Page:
Eli | Port Allegheny, PA
In January 2017, seventh grader Eli, 13, was having a snowball fight with a friend when he slipped on an icy sidewalk and hit his head on the cement. Eli got up and walked to a set of steps but then lost consciousness. His friend rushed to get him an ice pack. Eli came to and seemed to be okay, so he and his family went out to eat.
During dinner, Eli kept asking the same questions over and over again:
- “How did I get off the ground after I fell?”
- “How did we get to the restaurant?”
Eli’s mom, Crystal, suspected he was concussed so she took him to the emergency room. At the hospital, Eli underwent a balance test and was officially diagnosed with a concussion. He was told to rest but to not play games or use the phone or television.
“Eli is a very active kid so when he was told not to play games or use electronics, he became depressed,” says Crystal.
While concussed, Eli experienced the following symptoms:
- Excessive headaches
When Eli started to gain weight on top of his concussion symptoms, his mom said she knew that he needed “more specialized care.”
Crystal expressed her concerns to Eli’s primary care physician, who then referred him to Micky Collins, PhD, clinical and executive director of the UPMC Sports Medicine Concussion Program. Dr. Collins had Eli perform the ImPACT® test to determine a baseline for his concussion symptoms.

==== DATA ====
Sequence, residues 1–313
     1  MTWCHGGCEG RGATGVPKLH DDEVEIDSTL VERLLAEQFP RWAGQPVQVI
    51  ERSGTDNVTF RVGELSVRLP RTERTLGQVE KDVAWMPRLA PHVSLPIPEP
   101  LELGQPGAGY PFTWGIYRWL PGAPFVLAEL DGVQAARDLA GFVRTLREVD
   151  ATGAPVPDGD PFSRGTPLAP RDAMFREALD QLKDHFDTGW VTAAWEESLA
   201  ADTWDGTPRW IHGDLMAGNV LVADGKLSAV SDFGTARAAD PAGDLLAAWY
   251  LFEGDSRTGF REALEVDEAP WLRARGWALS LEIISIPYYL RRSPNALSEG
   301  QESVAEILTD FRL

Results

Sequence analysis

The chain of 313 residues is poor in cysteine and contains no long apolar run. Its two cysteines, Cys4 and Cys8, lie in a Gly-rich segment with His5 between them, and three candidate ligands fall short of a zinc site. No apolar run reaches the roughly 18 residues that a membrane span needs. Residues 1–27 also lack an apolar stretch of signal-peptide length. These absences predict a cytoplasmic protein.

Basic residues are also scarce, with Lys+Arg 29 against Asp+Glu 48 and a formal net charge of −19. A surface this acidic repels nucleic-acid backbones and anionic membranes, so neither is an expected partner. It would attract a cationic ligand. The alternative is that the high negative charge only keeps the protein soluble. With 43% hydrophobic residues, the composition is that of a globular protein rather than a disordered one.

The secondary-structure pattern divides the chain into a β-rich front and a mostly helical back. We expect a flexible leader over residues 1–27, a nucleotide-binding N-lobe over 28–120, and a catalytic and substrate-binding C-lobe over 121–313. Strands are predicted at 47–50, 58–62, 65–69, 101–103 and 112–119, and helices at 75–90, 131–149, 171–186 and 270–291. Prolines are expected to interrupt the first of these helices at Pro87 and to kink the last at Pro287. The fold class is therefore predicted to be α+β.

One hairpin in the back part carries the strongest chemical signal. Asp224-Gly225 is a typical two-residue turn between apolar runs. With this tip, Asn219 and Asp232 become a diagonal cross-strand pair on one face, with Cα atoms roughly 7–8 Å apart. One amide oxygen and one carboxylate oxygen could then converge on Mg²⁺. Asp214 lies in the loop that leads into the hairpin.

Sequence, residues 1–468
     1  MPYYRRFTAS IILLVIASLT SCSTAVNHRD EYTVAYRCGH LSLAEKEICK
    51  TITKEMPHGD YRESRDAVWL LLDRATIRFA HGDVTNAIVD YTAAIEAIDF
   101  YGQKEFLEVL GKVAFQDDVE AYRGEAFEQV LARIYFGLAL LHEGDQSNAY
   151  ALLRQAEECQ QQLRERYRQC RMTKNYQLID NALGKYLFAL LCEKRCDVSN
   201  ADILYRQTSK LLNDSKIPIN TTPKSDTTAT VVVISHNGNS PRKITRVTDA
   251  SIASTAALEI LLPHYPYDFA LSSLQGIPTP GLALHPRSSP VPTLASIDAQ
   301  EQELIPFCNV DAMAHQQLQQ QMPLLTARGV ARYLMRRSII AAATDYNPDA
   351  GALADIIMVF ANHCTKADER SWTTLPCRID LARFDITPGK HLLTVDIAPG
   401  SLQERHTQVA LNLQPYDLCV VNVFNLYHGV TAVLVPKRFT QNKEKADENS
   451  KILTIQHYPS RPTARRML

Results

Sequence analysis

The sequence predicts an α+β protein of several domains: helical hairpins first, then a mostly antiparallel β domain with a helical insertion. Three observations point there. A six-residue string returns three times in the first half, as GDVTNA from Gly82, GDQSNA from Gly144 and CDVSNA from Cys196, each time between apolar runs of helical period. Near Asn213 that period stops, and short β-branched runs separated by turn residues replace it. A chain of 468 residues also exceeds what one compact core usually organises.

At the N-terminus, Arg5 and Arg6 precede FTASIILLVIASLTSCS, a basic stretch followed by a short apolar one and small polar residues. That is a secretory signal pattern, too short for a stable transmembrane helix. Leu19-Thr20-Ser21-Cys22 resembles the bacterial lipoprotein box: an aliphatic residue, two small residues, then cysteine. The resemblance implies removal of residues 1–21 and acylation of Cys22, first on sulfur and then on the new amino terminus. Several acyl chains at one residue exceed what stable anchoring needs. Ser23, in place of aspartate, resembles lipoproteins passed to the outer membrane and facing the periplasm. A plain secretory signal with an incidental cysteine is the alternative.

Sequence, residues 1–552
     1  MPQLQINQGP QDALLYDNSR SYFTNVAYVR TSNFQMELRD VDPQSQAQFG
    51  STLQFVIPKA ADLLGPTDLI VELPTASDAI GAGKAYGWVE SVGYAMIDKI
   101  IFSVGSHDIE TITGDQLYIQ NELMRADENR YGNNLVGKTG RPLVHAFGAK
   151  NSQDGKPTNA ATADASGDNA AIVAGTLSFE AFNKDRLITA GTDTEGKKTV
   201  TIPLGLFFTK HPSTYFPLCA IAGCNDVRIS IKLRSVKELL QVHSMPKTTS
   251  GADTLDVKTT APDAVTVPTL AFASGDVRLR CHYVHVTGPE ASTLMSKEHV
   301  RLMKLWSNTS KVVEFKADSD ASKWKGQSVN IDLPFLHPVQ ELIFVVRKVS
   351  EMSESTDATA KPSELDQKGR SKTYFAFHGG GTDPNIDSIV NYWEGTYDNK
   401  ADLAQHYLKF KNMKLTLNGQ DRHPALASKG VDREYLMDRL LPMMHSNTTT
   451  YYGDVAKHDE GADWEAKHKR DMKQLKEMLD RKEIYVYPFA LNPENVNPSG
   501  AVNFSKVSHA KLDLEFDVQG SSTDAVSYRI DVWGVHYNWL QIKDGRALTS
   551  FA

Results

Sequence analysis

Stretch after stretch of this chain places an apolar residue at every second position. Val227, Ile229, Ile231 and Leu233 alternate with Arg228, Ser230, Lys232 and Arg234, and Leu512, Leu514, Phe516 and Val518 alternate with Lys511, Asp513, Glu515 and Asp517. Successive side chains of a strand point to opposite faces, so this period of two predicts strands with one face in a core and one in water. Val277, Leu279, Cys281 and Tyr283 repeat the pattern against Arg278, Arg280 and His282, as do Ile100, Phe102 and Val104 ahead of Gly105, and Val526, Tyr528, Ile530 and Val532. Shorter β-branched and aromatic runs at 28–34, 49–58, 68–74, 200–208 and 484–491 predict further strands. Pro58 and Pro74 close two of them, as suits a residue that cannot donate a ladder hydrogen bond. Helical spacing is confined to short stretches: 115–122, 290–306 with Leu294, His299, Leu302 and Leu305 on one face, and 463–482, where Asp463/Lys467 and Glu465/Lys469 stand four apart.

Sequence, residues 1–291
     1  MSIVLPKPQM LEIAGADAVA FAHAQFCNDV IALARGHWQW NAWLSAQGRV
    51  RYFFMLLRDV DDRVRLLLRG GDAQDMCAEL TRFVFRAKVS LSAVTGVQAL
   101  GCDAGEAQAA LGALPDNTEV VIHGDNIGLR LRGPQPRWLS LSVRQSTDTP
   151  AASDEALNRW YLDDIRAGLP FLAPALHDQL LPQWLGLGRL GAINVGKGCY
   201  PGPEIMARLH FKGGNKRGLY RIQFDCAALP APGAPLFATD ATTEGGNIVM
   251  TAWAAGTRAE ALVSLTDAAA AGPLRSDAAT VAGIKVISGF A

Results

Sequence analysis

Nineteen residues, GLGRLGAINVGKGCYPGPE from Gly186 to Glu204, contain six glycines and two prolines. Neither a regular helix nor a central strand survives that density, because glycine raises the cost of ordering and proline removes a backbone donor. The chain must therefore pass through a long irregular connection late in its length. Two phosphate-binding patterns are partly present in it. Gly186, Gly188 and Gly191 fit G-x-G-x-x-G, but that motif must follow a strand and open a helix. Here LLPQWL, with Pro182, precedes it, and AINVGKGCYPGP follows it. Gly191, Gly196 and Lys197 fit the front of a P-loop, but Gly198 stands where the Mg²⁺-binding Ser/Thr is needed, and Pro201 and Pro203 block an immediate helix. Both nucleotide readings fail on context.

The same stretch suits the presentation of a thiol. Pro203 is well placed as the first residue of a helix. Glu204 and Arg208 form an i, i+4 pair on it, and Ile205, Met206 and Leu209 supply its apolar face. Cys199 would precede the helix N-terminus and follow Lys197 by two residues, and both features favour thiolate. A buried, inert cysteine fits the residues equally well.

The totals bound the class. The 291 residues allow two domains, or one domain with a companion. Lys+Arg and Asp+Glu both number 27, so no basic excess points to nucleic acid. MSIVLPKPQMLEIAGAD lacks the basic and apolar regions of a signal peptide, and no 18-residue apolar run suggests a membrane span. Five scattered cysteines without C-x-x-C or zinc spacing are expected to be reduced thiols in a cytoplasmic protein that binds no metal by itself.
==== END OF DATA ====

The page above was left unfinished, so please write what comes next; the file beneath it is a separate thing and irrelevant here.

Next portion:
Additionally, Eli would participate in vestibular rehabilitation to help with his dizziness. To help with his blurred vision, he had ocular therapy at a UPMC Centers for Rehab Services location near his home.
In April, just three months after his accident, Eli was cleared of his concussion by Dr. Collins. His vestibular and ocular therapy was successful, and he will be able to get back to playing the sports he loves, like football and basketball.
“I’m happy that Dr. Collins was able to help me feel better,” says Eli. “I really missed sports so I’m glad that I’m able to play football this fall.”
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